The government is planning to ban small enterprises from borrowing in foreign currency unless they are exporters, according to an announcement from Turkey's deputy Prime Minister in charge of the economy Mehmet Şimşek during the 2018 budget negotiations for the Undersecretary of Treasury, the Banking Regulation and Supervision Agency (BDDK), the Capital Markets' Board and the Central Bank of the Republic of Turkey (CBRT) at the Turkey Grand National Assembly (TGNA).
Deputy Prime Minister Şimşek noted that exporters will be able to borrow in foreign currency at a rate determined in accordance with their average exports over the last three years. He stressed that exporters are allowed to borrow in foreign currency, but said that the government will consider its export capacity.
"For instance," he explained, "if a company's export value over the last three years totals $100 million, then that company will be able to borrow up to $300 million in the U.S. dollars. The borrowing limit can be three or five fold of the three-year export average."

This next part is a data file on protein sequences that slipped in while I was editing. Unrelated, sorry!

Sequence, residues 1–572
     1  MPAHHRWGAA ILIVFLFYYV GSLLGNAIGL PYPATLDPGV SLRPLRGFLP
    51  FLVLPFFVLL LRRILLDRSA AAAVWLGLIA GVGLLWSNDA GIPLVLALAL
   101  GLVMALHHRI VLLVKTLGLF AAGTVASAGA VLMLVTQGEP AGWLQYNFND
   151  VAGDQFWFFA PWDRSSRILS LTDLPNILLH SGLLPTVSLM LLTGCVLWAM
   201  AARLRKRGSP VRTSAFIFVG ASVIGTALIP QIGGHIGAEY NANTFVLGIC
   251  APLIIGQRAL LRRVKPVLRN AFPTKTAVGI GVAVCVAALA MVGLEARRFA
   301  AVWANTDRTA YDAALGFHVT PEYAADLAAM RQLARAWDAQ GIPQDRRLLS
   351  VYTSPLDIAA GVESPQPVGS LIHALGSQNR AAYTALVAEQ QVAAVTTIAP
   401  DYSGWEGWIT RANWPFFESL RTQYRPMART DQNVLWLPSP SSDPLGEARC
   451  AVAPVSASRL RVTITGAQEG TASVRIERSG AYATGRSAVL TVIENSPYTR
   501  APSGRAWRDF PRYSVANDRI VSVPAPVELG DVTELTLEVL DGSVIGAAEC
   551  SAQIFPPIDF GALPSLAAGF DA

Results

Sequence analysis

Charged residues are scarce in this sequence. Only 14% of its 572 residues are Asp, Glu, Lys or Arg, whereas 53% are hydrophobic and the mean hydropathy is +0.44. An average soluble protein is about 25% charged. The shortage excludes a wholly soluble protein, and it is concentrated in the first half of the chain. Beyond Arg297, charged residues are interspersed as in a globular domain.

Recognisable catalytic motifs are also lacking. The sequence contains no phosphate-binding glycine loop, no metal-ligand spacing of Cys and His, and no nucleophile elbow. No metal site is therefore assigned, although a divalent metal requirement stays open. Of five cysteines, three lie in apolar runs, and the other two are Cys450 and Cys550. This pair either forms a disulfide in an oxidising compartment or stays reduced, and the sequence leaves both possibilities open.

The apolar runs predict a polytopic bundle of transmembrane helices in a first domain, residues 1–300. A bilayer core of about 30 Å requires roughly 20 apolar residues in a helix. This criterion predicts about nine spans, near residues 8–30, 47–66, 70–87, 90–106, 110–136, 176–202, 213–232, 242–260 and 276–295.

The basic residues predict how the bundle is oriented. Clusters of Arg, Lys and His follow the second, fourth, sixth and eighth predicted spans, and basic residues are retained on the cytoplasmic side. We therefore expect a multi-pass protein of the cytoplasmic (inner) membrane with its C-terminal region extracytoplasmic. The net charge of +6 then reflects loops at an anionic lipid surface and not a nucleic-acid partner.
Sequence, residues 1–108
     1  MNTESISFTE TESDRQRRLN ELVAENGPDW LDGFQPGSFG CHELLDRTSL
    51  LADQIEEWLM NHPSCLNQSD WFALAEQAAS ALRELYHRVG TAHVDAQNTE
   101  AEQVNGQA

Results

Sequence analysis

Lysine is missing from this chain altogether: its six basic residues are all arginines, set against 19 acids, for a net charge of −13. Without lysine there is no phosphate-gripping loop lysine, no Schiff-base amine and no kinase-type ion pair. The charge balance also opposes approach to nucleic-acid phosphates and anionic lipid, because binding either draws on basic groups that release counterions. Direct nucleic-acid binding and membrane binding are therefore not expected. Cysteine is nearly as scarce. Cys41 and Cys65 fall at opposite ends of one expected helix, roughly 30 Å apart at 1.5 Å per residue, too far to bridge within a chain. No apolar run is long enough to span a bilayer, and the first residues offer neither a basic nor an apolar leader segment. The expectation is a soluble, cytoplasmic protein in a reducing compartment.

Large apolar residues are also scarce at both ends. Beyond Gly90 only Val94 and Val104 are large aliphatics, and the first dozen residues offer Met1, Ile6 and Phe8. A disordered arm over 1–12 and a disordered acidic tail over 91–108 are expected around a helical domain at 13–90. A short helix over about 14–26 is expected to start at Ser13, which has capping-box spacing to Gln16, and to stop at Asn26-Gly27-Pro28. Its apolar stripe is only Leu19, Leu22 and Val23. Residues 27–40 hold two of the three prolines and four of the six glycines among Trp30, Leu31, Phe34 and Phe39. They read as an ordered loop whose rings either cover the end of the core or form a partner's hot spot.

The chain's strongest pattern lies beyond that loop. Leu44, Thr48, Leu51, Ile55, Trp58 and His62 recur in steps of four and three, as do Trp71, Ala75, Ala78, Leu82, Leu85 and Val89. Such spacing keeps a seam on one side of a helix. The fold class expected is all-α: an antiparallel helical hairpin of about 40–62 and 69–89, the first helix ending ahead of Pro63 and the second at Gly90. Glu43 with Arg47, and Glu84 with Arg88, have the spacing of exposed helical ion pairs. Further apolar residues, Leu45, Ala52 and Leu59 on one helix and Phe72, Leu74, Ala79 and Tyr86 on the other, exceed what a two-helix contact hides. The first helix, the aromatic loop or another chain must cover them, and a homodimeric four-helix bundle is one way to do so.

"We will provide financial protection for large companies if they are not exporters by introducing a hedge system. We are entente on a healthy growth model that does not rely on debt," Şimşek stressed.
The deputy minister in charge of the economy recalled the government's previous ban on individuals who borrowed in foreign currency, emphasizing that this ban was effective in easing the pressure on currency.
The minister also elaborated on Turkey's debt stock. By the second quarter of 2017, the ratio of whole debt, including public debts and debt associated with financial institutions and non-financial institutions and the household-to-national-income ratio, was 146 percent.
For developing countries, the ratio of debt stock to national income is 225 percent, according to the latest data from the International Monetary Fund (IMF). China's debt stock is 298 percent of the country's national income, compared to 178 percent for Brazil, 165 percent for the Czech Republic and 163 percent for Poland. "Considering the debt stock average of developing countries, Turkey's debt is not as high as is claimed, but this does not mean that the government will encourage further stock borrowing. We do not accept a growth model based on borrowing," Şimşek said.